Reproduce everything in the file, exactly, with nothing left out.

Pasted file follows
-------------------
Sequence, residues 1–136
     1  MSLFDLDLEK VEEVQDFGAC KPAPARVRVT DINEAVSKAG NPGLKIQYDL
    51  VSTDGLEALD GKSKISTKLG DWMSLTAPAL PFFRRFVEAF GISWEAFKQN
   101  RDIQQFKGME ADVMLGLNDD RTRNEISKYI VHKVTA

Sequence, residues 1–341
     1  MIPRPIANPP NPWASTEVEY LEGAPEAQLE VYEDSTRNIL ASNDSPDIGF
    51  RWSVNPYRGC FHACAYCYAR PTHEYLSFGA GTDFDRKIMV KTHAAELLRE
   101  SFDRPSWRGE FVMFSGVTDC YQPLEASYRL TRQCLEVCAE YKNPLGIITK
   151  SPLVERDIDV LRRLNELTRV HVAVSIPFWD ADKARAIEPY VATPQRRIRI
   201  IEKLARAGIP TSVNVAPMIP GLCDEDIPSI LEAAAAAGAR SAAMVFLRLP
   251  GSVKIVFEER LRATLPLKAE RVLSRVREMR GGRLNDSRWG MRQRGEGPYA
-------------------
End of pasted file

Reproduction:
Sequence, residues 1–136
     1  MSLFDLDLEK VEEVQDFGAC KPAPARVRVT DINEAVSKAG NPGLKIQYDL
    51  VSTDGLEALD GKSKISTKLG DWMSLTAPAL PFFRRFVEAF GISWEAFKQN
   101  RDIQQFKGME ADVMLGLNDD RTRNEISKYI VHKVTA

Sequence, residues 1–341
     1  MIPRPIANPP NPWASTEVEY LEGAPEAQLE VYEDSTRNIL ASNDSPDIGF
    51  RWSVNPYRGC FHACAYCYAR PTHEYLSFGA GTDFDRKIMV KTHAAELLRE
   101  SFDRPSWRGE FVMFSGVTDC YQPLEASYRL TRQCLEVCAE YKNPLGIITK
   151  SPLVERDIDV LRRLNELTRV HVAVSIPFWD ADKARAIEPY VATPQRRIRI
   201  IEKLARAGIP TSVNVAPMIP GLCDEDIPSI LEAAAAAGAR SAAMVFLRLP
   251  GSVKIVFEER LRATLPLKAE RVLSRVREMR GGRLNDSRWG MRQRGEGPYA